Introverted (2)

Recently finished the great book Quiet: The Power of Introverts in a World that Can’t Stop Talking. It is a great book and I thought I’d share a few insights from it this week…

Susan Cain writes about the power of isolation in creativity and innovation. She cites a variety of studies. Like one where they divided up expert violinists at the elite Music Academy in West Berlin into three groups – good, great, and best. What led to the difference in ability? One thing. The best musicians spent way more time practicing in solitude.

Or the U.C. Berkeley study were they sought to identify the most “spectacularly creative people and then figure out what made them different from everybody else” examining architects, mathematicians, scientists, engineers, and writers. So what was the answer? They worked alone.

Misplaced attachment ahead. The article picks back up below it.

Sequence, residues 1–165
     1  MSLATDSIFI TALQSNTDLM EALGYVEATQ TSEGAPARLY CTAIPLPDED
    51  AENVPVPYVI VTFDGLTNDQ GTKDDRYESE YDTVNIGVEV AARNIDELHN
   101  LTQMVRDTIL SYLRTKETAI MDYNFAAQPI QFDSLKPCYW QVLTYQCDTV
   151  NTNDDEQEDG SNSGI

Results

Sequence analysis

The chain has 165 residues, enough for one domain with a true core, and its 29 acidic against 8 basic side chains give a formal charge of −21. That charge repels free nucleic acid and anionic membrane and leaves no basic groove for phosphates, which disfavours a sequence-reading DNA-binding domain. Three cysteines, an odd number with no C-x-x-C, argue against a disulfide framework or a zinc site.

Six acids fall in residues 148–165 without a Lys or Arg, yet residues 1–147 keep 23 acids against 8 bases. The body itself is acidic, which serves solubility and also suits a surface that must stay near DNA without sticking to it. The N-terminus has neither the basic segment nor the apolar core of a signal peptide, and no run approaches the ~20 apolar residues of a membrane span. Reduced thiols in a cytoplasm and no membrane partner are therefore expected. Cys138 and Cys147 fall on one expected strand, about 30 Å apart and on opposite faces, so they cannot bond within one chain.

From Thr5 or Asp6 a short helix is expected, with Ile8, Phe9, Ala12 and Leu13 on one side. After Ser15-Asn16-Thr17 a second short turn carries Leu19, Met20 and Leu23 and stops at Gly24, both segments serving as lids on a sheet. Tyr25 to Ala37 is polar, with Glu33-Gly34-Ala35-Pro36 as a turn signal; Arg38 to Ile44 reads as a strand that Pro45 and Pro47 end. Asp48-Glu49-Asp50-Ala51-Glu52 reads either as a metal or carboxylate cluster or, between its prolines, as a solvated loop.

Or the University of Minnesota study of advertising executives who were asked to participate in both solitary and group brainstorming sessions. “The results were unambiguous. The men in twenty-three of the twenty-four groups produced more ideas when they worked on their own than when they worked as a group. They also produced ideas of equal or higher quality when working individually.”

Or the research done into the increasingly popular “open space” work environments, which have proven that people produce more and better quality work when they have their offices and can close their doors.

So … the research is in. Working alone isn’t just for introverts, it’s for people who want to do more and better work.